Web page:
Earlier this week, the jury reached a verdict in the Cinergy – now Duke Energy – NSR retrial. The short version is simple:
Condensor retubine – no need to go through NSR
Pulverizor replacement – requires NSR
I don’t know all of the details of the case. For example, I don’t know if the pulverizer capacity was expanded when they were replaced. If any readers know the details and want to share them, I’d be grateful.
The decision does call to mind a previous post, in which I suggested that environmentalists might trade elimination of the NSR program for a requirement that all existing facilities comply with NSPS by a date certain. If instead of the current NSR program, the CAA had been amended in 1977 to give existing facilities until 2002 – 25 years – to be as clean as new facilities, there would have been howls of outrage at the time from the environmental community, but today we would be in a much better place. Although the same howls would be heard today, shouldn’t it be possible to reach a deal, particularly given the pressure old facilities will be under as a result of a cap-and-trade program, that would eliminate NSR in return for a date certain by which existing facilities have to be clean as new? It might be 15 years later than if the deal had been struck in 1977, but that doesn’t mean it would be a bad idea now.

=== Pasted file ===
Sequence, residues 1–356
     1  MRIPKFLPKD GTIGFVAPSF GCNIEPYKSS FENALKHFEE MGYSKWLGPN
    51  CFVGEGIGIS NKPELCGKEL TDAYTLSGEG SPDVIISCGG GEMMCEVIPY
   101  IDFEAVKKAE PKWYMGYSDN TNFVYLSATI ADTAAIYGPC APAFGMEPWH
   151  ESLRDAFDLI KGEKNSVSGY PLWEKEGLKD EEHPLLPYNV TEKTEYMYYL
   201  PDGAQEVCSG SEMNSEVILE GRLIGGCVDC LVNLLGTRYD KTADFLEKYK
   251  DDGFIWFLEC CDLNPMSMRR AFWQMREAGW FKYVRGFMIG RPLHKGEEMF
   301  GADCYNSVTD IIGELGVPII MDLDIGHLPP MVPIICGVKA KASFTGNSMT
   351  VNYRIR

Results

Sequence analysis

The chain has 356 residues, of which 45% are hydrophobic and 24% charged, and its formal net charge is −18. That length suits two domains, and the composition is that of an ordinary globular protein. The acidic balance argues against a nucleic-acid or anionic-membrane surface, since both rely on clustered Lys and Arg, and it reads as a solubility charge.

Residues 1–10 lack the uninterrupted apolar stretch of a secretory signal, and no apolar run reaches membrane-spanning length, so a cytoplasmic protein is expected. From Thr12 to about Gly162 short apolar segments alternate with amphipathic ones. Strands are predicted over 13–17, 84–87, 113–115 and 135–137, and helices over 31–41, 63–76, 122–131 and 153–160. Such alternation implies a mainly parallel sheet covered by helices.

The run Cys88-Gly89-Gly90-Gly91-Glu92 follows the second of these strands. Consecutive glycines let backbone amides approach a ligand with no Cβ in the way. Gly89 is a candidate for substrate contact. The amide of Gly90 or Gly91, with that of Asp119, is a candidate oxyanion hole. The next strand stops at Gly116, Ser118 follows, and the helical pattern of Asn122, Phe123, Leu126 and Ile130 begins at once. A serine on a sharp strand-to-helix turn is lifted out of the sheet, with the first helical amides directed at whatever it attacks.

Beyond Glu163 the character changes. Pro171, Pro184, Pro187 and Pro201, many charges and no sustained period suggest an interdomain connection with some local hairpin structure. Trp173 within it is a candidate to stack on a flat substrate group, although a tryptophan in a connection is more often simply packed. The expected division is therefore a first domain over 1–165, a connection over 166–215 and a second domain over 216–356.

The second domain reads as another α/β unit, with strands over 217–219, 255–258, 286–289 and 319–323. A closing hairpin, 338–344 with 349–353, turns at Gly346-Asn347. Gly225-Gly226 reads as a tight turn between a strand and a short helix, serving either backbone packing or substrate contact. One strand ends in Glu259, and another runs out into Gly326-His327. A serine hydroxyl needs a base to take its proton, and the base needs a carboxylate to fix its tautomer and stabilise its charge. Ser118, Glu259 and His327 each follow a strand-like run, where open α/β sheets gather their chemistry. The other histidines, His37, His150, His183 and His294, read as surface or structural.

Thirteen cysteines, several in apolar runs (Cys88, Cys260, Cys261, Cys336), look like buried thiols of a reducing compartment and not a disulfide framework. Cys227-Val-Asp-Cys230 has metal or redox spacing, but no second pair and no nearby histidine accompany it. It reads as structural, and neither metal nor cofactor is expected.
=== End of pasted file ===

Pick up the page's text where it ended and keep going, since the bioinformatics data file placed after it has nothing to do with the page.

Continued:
BTW, for a cogent economic analysis of this issue, take a look at my friend Rob Stavins’ post from a few weeks ago. I’m tempted to say great minds thing alike, but perhaps I’ll just go with a great mind thinks alike.